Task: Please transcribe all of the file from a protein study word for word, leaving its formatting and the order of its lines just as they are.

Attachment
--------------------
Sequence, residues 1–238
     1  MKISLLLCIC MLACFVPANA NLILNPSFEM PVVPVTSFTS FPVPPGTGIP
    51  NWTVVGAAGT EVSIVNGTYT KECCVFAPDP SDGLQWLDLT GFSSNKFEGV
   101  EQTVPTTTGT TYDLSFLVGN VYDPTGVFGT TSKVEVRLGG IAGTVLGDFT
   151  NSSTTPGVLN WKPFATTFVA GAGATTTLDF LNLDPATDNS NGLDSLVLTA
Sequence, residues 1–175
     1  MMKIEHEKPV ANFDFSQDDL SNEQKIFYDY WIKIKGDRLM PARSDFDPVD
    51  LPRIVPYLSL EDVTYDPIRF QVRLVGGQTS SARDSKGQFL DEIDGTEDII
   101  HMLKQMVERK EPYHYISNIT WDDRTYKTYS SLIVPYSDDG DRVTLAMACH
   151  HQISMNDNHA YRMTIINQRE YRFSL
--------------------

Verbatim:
Sequence, residues 1–238
     1  MKISLLLCIC MLACFVPANA NLILNPSFEM PVVPVTSFTS FPVPPGTGIP
    51  NWTVVGAAGT EVSIVNGTYT KECCVFAPDP SDGLQWLDLT GFSSNKFEGV
   101  EQTVPTTTGT TYDLSFLVGN VYDPTGVFGT TSKVEVRLGG IAGTVLGDFT
   151  NSSTTPGVLN WKPFATTFVA GAGATTTLDF LNLDPATDNS NGLDSLVLTA
Sequence, residues 1–175
     1  MMKIEHEKPV ANFDFSQDDL SNEQKIFYDY WIKIKGDRLM PARSDFDPVD
    51  LPRIVPYLSL EDVTYDPIRF QVRLVGGQTS SARDSKGQFL DEIDGTEDII
   101  HMLKQMVERK EPYHYISNIT WDDRTYKTYS SLIVPYSDDG DRVTLAMACH
   151  HQISMNDNHA YRMTIINQRE YRFSL